The bottom fell out of the Nasdaq today, in case you haven't heard. In afternoon trading, the tech-heavy index is trading down about 4.1% from where it closed the day Wednesday. (And even Wednesday, the Naz avoided a "red" closing price by the skin of its teeth.)
The sell-off is damaging stocks large and small, great and not-so-great, though -- and therein may lie an opportunity.
Shares of Facebook (META 1.23%) stock are down 4.1%, almost exactly the price decline of average Nasdaq stock, despite the fact that Facebook, with its 37% operating profit margin, is far from an average company. Amazon (AMZN 2.14%), too, is taking it on the chin, down 4.5%, and MercadoLibre (MELI 2.37%) -- the "Argentinean Amazon" -- is down 6.7%.
But does that make sense?
Take a look at the newsfeeds, and you'll find no evidence of any truly "bad" news concerning any of these three companies to explain why they're selling off today. To the contrary, just this morning, analysts at investment bank Baird named Amazon stock their "top pick," reports TheFly.com.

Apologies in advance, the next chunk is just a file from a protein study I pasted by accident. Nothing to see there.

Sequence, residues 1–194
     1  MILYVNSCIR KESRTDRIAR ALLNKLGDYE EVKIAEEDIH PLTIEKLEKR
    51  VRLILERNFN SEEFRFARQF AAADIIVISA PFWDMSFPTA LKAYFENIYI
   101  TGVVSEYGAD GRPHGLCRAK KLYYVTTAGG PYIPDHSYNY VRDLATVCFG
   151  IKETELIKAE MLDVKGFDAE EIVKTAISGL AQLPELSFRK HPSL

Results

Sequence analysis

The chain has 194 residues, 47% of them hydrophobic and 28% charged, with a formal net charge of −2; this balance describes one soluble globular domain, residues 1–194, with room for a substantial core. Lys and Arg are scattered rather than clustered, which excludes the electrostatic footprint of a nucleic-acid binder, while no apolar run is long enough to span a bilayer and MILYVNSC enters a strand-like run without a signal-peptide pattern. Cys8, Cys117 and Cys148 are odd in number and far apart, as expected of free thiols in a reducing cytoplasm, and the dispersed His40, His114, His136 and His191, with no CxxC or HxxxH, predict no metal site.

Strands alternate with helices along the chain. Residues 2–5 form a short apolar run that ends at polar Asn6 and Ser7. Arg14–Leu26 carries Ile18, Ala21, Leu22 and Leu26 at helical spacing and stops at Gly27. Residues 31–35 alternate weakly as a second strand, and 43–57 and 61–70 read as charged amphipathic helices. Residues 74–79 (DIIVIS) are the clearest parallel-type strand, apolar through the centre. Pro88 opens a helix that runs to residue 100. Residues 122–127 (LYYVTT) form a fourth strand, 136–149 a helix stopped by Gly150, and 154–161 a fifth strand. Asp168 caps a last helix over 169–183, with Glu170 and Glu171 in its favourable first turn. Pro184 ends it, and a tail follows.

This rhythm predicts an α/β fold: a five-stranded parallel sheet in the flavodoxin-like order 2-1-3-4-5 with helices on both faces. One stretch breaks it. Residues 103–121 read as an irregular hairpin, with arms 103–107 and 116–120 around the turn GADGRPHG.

Among other reasons for optimism, the COVID-19 pandemic, which has driven consumers to spend more time at home, surfing the internet and shopping on it, works to benefit Amazon.com, argues the analyst. And here's the thing: That same trend benefits MercadoLibre and Facebook as well.
Now mind you, I'm not going to climb out on any limbs here and try to convince you that Amazon, at 130 times trailing earnings, is any great bargain -- much less MercadoLibre at 2,900 times earnings after its stock has doubled over the past year. The fact is, even Facebook at a relatively svelte 36 times earnings doesn't look to me like an obvious buy -- not with analysts forecasting only modest mid-teens earnings growth at the social network over the next five years.
I will say, though, that when the market goes into panic mode and starts selling off quality companies like Amazon, MercadoLibre, and Facebook by percentages as great as, or even greater than, the percentages by which it sells off average or even subpar stocks -- that's a signal that investors are not acting rationally. It's a hint that, at some point in the future, great stocks like these might finally get back to prices at which it will make sense to buy them.
My advice: Today's sell-off is a wake-up call. Now's the time to start paying attention and looking for stocks that are falling further than they should -- because the longer the sell-off continues, the greater the chance you will find yourself a bargain.